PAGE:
'The Government has made a seismic shift in tax transparency and anti-money laundering' says Gary Gardner, tax risk and dispute resolution partner at Blick Rothenberg.
Gary said, 'The Government will now support an amendment to introduce public ownership registers in Britain’s overseas territories.'
He added, 'The Government initially resisted the amendment despite the revelations from the Panama, Bahamas and Paradise papers and, more recently, the furore over the horrific events in Salisbury and the suggestion of an unchecked flow of illicit funds from predatory states and organised crime through the UK’s overseas territories and into the UK.'
Margaret Hodge MP (Labour), closely supported by Andrew Mitchell MP (Tory), tabled and orchestrated the amendment in a rare instance of cross-party support against the government to put a stop to the traffic of illicit funds through the UK’s overseas territories.
The amendment to the new UK anti-money laundering laws will require the 14 overseas territories including; Bermuda, Gibraltar, Cayman, Montserrat to operate public registers of the beneficial ownership of companies, regardless that they have lobbied and fought hard to resist this.
The overseas territories already have ‘closed’ registers of beneficial ownership of companies (and other legal entities such as trusts) but these are only open to law enforcement agencies on request meaning little or no accountability for the effectiveness and accuracy of the register and the standards of regulation required to ensure compliance.
Gary added, 'In contrast the new public registers of ownership will be open to law enforcement agencies, journalists, academics and researchers although not all, despite the name, are open to the general public. Governments across the world accept that the ‘openness’ of public registers opens them to a degree of scrutiny and verification by investigative journalists, Non-governmental-organisations and charities and others that ensures the integrity and accuracy of the information therein. Closed registers do not achieve this and most EU countries will be moving to public registers and it seems very likely that the Crown Dependencies of Jersey, Guernsey and the Isle of Man will need to fall in line.'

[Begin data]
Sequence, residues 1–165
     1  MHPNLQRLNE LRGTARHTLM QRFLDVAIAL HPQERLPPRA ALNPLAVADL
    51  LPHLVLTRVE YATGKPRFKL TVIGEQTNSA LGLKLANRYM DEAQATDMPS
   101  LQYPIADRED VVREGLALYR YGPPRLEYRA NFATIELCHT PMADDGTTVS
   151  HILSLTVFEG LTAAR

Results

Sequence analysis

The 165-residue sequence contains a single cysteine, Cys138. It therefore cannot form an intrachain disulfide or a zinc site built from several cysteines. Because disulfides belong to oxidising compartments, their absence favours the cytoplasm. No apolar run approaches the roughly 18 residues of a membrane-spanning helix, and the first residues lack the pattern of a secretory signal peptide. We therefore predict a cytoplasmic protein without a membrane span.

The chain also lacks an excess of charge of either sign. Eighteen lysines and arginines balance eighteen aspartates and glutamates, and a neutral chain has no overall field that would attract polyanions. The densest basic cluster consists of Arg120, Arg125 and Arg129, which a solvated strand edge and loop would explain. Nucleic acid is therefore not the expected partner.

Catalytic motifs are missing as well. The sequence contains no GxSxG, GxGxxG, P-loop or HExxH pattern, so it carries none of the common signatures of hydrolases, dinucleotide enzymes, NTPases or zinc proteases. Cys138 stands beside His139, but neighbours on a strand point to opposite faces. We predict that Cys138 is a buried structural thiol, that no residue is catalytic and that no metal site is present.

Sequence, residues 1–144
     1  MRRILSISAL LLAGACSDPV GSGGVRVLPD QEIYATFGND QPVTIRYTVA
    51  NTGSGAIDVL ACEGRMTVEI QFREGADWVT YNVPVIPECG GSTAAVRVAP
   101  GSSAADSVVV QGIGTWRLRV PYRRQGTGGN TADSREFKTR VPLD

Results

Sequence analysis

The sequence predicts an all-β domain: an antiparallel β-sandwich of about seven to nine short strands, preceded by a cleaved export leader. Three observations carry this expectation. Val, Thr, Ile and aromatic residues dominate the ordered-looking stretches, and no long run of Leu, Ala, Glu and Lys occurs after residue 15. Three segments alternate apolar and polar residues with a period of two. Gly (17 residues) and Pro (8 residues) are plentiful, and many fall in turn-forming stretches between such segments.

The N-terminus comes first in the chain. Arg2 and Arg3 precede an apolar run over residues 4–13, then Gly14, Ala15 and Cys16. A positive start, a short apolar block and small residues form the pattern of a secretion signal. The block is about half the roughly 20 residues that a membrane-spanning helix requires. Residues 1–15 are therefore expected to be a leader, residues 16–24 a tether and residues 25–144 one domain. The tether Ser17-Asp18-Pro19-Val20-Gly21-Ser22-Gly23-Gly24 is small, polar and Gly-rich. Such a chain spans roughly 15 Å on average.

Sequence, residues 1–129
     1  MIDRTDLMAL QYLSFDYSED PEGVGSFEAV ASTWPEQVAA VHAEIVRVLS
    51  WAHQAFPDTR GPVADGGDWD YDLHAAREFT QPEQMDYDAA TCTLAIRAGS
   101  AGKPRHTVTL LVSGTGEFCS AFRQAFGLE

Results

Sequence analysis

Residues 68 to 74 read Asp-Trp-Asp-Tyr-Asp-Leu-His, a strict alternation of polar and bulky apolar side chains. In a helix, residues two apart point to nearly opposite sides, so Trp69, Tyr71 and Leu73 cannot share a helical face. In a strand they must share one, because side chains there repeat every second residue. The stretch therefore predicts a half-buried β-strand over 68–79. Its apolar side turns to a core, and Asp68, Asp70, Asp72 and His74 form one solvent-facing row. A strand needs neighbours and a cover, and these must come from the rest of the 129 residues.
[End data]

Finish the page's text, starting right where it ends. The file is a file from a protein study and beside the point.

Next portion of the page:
'There are cases where privacy is desired for legitimate reasons and genuine cases of people fearing extortion or kidnap and they can apply to be exempted from UK’s existing public register and it is likely that similar exemptions will be a feature of the public registers in the Overseas Territories when put in place in 2020. Whether this poses an existential problem for the economies of the territories remains to be seen but the trend for transparency will prevail.'
For more information, please contact Gary Gardner.